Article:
Job Options with a Bachelor's Degree in Psychology
Of course, not all psychology majors decide to earn a doctorate degree. In fact, approximately three-quarters of all students who earn an undergraduate degree do not continue on to graduate school. So what kinds of careers do these people have? While the job selection, pay, and opportunities are not as plentiful at the undergraduate level, there are a wide variety of career options for people with a bachelor's degree in psychology.
Some of the most obvious career opportunities are in the health and social services fields. For example, you might find work as a case manager, psychiatric technician, or psychosocial rehabilitation specialist working in a mental health care office, hospital, or school setting. In such positions, you will need to have a great deal of empathy for clients and be capable of juggling the various demands of providing patient care, completing paperwork, and maintaining accurate records. These jobs can be challenging, but truly rewarding if you have a passion for helping people improve their lives and discover their full potential.
How long does it take to become a psychologist?
The amount of time you spend training to become a psychologist depends a lot on the specialty area you choose. If you are interested in becoming a licensed clinical psychologist, you'll need to first earn a bachelor's degree (4 to 5 years of college) before earning a doctorate degree in psychology (4 to 7 years of graduate school). In most cases, you can estimate that it will take between 8 to 12 years to become a psychologist.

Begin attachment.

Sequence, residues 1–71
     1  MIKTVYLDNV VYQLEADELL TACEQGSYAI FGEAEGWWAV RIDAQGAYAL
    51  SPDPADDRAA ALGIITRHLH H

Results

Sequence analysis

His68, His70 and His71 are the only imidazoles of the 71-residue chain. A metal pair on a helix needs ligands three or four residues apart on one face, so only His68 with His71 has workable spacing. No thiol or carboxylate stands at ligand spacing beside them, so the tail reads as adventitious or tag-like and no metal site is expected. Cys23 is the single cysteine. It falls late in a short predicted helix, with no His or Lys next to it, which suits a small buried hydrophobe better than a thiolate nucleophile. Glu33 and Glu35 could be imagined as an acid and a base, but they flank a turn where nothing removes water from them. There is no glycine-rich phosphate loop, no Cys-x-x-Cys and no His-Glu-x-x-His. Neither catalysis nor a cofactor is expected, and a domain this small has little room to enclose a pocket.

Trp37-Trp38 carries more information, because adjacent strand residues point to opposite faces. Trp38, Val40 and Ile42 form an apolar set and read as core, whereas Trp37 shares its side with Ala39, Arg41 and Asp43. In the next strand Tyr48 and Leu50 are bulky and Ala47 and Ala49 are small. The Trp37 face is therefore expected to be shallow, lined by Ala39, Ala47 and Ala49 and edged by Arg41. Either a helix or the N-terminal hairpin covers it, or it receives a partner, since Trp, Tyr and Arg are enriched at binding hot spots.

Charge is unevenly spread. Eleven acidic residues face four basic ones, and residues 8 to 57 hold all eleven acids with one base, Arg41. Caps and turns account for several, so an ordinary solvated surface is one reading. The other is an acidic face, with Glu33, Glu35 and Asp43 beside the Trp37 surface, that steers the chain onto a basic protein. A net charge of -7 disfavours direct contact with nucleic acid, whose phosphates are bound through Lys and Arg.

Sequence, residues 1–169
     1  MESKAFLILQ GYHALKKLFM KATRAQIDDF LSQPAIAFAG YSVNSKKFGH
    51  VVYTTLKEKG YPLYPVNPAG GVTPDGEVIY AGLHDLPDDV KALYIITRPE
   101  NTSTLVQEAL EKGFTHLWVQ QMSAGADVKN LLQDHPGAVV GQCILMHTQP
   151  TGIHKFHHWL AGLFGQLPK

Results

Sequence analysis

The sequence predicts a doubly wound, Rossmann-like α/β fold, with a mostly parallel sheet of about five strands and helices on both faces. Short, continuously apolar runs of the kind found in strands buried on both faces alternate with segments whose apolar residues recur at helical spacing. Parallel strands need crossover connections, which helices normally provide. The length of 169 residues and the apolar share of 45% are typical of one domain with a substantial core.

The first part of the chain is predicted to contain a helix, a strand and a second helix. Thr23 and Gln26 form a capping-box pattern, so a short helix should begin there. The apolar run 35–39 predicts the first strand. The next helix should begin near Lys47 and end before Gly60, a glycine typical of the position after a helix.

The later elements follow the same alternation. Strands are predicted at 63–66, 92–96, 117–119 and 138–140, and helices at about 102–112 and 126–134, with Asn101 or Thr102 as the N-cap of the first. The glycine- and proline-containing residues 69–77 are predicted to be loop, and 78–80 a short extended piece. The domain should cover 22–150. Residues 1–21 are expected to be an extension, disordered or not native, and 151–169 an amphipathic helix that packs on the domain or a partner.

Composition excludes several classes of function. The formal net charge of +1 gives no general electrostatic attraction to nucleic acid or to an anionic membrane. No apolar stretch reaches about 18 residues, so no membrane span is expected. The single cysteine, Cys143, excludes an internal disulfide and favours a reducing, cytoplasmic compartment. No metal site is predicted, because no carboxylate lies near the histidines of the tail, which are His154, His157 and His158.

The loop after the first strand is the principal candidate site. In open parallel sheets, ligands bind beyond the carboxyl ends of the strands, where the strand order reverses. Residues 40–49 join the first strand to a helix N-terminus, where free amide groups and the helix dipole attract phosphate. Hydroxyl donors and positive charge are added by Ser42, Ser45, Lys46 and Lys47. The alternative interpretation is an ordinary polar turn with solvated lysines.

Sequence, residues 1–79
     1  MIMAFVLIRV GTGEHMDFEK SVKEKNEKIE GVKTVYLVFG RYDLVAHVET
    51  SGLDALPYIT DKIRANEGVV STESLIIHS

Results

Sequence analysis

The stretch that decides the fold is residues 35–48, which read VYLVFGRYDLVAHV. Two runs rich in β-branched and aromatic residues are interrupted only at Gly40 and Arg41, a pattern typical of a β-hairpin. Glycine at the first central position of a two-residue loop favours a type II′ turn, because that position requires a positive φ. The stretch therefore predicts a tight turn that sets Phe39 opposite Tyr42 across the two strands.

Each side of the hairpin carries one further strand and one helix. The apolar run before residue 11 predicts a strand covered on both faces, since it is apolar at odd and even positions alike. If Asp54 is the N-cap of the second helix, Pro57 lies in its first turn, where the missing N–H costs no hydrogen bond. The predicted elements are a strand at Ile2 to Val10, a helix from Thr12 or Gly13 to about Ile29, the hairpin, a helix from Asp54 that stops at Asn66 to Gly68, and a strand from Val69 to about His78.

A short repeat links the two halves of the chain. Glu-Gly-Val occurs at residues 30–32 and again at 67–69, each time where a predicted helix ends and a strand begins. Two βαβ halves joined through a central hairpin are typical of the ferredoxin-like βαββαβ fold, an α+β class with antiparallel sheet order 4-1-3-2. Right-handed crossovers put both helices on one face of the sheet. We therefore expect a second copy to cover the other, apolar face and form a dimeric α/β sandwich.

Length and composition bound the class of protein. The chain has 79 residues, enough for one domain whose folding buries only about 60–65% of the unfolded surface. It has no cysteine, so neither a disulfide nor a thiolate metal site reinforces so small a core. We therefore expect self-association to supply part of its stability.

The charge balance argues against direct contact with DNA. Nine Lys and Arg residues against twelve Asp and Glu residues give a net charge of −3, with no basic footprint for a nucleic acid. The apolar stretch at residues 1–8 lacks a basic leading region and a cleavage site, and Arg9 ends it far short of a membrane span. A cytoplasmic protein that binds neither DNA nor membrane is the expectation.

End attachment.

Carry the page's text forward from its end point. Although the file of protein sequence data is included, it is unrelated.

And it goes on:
It is also important to realize that some of the career options that are open to you may not be quite so evident. Because psychology programs emphasize intrapersonal skills, your background qualifies you to work in jobs that rely heavily on written communication and the ability to work with others. Some jobs in this area include marketing, sales, advertising, and human resources.
Because psychology majors are expected to know a great deal about the research process, jobs that involve collecting data, organizing information, and preparing results are also good matches. This strong research background makes psychology majors well suited to jobs as market researchers, library assistants, probation officers, laboratory assistants, or technical writers.